Culture Growth Human Resources Leadership Vision


Few companies do succession planning right. They lack the vision to do it well. Here’s what to look for.

Sometimes, a TV show can help us see our business clearly. If only we were receptive to the cues we got.

I started watching the TV series Succession a while ago. 

Then, I gave it up for a few months. And I continued last week when I was awake at night because of jet lag.

The series is about a wealthy billionaire with four kids aiming to succeed their father.

The series starts when the elderly billionaire suffers from a stroke, and nobody is prepared to succeed him immediately. 

Nothing has been agreed.

And, of course, the infighting begins. All the children believe they’re capable and entitled to succeed their father as CEO of this billionaire media company, Waystar Royco.

One of the sons believes he can run for president of the United States, so why not lead Waystar Royco?

The other son, the brightest of the bunch, has mental illness and drug addiction. He’s intellectually capable but needs his ego cherished all the time.

The third son is a dufus. He’s not the brightest and has no genuine interest in business, but this is easy money, so why not? 

The last one, the only daughter, is a politician. No factual background in business, but politically shrewd and female.

Who should it become? 

That’s the question for four seasons! I’m in season three now, and until this season, it’s still unclear and entertaining.

The father survives the brain stroke, witnesses his family fighting over his nearly occupied grave, and doesn’t have a clue who to pick.

Emotions more often lead him than factual criteria.

Sounds familiar?

I bet it does.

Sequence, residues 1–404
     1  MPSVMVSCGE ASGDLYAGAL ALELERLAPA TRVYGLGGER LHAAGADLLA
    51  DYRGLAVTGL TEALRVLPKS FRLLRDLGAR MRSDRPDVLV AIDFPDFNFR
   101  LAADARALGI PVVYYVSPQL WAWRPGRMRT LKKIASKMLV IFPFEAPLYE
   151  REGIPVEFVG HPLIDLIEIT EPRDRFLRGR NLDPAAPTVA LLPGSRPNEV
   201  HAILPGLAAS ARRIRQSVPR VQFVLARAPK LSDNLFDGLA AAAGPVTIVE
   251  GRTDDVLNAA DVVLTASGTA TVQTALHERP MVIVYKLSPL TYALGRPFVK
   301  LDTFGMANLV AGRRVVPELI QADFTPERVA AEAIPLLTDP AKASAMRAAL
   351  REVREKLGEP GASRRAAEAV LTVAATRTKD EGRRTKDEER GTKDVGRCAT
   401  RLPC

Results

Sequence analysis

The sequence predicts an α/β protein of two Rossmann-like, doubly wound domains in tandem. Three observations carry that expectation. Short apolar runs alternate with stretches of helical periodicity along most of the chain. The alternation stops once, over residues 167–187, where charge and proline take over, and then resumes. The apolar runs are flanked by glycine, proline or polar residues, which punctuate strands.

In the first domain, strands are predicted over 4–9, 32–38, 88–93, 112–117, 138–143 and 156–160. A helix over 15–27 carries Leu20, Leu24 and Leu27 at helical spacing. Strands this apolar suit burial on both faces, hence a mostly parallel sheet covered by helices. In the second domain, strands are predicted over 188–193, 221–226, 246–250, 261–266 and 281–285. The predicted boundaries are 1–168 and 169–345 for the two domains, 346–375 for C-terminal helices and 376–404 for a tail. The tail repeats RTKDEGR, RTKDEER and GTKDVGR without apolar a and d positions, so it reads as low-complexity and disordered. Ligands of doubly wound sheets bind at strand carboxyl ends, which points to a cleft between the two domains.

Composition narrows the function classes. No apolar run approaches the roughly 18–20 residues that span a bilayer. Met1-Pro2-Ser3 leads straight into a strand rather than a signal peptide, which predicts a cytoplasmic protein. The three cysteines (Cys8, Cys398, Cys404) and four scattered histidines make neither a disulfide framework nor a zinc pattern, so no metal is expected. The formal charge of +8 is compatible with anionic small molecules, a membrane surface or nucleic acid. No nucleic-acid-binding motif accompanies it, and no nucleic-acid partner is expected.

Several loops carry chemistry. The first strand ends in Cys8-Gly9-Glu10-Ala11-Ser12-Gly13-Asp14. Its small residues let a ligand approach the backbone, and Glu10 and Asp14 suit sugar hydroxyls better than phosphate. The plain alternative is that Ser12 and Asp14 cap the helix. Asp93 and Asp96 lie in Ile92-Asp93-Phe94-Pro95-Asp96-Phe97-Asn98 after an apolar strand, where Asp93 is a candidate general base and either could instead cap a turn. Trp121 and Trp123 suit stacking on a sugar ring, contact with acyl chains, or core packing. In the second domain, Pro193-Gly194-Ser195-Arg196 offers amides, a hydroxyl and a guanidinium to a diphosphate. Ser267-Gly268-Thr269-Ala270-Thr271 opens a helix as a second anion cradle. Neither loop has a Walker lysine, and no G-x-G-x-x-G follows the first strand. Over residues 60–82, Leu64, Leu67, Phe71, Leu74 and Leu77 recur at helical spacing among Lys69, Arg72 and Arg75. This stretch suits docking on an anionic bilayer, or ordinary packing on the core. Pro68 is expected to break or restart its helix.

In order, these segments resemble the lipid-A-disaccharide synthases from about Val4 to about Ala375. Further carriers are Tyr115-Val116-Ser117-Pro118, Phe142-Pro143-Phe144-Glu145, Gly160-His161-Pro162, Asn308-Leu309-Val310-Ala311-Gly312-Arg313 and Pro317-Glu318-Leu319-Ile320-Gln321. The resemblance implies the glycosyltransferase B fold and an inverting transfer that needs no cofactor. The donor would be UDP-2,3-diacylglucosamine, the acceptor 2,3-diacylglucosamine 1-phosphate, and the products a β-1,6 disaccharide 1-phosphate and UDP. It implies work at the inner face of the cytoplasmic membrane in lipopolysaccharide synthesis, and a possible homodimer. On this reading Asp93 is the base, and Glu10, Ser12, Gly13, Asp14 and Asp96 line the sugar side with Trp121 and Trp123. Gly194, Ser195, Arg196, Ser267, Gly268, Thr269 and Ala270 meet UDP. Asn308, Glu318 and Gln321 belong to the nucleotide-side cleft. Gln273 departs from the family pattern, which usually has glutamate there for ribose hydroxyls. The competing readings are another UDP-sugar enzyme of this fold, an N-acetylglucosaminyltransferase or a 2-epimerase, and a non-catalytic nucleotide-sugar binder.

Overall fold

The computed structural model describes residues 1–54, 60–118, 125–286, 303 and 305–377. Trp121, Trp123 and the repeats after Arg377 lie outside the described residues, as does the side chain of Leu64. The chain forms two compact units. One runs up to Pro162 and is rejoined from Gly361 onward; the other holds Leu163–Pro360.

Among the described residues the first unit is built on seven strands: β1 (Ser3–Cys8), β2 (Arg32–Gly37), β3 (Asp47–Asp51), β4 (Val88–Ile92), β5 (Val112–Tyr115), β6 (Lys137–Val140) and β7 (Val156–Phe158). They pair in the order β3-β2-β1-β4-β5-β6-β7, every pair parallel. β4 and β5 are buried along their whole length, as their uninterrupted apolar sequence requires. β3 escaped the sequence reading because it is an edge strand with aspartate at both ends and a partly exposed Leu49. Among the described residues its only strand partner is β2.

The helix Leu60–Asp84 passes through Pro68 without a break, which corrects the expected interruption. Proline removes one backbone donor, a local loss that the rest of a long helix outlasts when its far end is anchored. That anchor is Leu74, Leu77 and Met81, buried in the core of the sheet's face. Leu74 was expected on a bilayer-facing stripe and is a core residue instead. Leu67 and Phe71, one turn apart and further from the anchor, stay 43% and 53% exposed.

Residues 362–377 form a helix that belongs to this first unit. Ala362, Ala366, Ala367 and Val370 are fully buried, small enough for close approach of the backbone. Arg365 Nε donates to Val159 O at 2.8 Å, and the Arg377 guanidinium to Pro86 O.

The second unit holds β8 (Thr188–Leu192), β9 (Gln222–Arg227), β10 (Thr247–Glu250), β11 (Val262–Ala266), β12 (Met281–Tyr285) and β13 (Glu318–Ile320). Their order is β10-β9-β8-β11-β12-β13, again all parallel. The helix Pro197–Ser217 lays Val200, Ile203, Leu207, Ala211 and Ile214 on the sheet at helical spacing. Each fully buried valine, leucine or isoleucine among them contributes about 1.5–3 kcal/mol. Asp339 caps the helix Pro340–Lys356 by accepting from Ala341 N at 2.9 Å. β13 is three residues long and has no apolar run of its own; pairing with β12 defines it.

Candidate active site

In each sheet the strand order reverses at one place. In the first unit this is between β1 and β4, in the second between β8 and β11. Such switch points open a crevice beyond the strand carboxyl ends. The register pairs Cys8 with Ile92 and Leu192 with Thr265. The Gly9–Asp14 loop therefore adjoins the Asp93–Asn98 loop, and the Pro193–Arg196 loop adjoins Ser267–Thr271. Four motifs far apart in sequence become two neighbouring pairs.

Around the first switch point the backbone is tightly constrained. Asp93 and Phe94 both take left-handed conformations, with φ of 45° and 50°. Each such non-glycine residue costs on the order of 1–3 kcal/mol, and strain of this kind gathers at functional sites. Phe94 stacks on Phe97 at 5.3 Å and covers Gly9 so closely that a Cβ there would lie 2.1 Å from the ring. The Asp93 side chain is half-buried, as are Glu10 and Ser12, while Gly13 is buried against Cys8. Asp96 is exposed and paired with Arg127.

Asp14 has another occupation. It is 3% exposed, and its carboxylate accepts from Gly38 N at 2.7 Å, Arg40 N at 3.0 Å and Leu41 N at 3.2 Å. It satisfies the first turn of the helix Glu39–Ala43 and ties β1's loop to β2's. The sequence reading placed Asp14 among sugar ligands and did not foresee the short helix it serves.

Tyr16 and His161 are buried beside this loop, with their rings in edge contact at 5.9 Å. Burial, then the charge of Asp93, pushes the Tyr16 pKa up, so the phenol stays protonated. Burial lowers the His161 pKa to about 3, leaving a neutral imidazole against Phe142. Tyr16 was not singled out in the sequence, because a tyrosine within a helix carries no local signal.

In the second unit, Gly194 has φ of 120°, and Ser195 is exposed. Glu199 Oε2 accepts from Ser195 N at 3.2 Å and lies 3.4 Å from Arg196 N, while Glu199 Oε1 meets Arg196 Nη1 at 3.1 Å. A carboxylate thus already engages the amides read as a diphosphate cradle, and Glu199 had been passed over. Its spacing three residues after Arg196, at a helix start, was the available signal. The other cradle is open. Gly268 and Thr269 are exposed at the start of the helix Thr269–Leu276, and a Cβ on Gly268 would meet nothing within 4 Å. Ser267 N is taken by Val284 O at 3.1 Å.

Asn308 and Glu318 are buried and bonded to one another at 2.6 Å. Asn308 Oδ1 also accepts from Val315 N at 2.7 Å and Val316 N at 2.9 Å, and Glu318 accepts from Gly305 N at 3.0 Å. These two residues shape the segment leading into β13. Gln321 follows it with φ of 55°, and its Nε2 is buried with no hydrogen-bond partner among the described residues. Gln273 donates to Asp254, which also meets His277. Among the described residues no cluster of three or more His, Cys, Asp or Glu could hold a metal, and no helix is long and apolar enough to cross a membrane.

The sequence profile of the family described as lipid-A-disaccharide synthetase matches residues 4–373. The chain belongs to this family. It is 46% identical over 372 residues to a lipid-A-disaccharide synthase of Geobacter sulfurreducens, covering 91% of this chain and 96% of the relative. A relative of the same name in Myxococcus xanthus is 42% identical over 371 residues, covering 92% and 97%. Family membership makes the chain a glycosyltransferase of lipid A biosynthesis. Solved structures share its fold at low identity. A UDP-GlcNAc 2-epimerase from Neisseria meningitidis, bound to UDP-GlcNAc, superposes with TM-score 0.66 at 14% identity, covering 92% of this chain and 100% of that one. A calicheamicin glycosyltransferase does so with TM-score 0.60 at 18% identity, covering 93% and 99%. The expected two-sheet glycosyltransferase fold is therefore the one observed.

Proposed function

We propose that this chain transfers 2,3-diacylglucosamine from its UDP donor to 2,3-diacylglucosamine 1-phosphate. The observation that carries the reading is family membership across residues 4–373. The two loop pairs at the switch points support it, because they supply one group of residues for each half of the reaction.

Many companies operate the same way. 

Few companies do succession planning right. 

You need a CEO who believes in succession planning (not just succession).

You need a process that’s clear to everyone and that gets planned, discussed, and delivered consistently.

You need a People & Culture leader who can design and execute the plan, who has the credibility with the CEO to get their attention, and who is willing to schedule time to discuss talent.

You need a culture where people are being grown and developed by their leaders, not afraid to take a risk on people instead of going external.

You need leaders within the organization who understand the process, believe in good intentions towards objectivity, own growing their people, and know they’re also subject to succession planning when they do a good job developing people. 

You need to show objectivity and communicate succession decisions well so people can see why decisions are being made and understand what’s required of them to become candidates.

You need goodwill, risk-taking, generosity, patience, time to discuss, feedback, and proper communication.

And, for every critical role, you need to have an emergency candidate lined up in case something happens to the incumbent and the preferred candidate is not ready yet.

That’s what Waystar Royco should have done. 

But as usual, a People and Culture person was not to be seen for the entire 40 hours of entertainment.

That’s why it’s called entertainment. Just like at those companies without a process. 

When done well, it’s boringly effective — but delivers brilliant results.

I know someone close to me who is the product of good succession planning.

Your turn: Entertainment or Boring? Frustration or Gratitude? Costly or Effective?


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Erikjan Lantink
Business & Leadership Coach

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